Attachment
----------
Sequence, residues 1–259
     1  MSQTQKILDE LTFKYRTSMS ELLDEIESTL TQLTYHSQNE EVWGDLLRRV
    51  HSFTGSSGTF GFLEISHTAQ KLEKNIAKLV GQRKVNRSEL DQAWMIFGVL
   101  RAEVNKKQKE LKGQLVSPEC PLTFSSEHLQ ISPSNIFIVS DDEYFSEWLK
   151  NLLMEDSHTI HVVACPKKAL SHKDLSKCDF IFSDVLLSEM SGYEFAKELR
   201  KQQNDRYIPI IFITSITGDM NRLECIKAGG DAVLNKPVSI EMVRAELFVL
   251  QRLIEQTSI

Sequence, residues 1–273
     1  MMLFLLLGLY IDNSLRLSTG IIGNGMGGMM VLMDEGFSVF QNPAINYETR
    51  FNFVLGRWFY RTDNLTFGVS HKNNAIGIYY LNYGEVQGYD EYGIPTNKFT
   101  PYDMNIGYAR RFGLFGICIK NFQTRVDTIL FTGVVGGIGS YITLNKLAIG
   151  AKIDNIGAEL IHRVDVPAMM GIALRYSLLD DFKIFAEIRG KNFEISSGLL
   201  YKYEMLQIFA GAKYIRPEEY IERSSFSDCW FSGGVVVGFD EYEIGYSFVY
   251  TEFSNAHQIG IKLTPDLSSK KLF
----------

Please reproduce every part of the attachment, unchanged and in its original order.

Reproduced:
Sequence, residues 1–259
     1  MSQTQKILDE LTFKYRTSMS ELLDEIESTL TQLTYHSQNE EVWGDLLRRV
    51  HSFTGSSGTF GFLEISHTAQ KLEKNIAKLV GQRKVNRSEL DQAWMIFGVL
   101  RAEVNKKQKE LKGQLVSPEC PLTFSSEHLQ ISPSNIFIVS DDEYFSEWLK
   151  NLLMEDSHTI HVVACPKKAL SHKDLSKCDF IFSDVLLSEM SGYEFAKELR
   201  KQQNDRYIPI IFITSITGDM NRLECIKAGG DAVLNKPVSI EMVRAELFVL
   251  QRLIEQTSI

Sequence, residues 1–273
     1  MMLFLLLGLY IDNSLRLSTG IIGNGMGGMM VLMDEGFSVF QNPAINYETR
    51  FNFVLGRWFY RTDNLTFGVS HKNNAIGIYY LNYGEVQGYD EYGIPTNKFT
   101  PYDMNIGYAR RFGLFGICIK NFQTRVDTIL FTGVVGGIGS YITLNKLAIG
   151  AKIDNIGAEL IHRVDVPAMM GIALRYSLLD DFKIFAEIRG KNFEISSGLL
   201  YKYEMLQIFA GAKYIRPEEY IERSSFSDCW FSGGVVVGFD EYEIGYSFVY
   251  TEFSNAHQIG IKLTPDLSSK KLF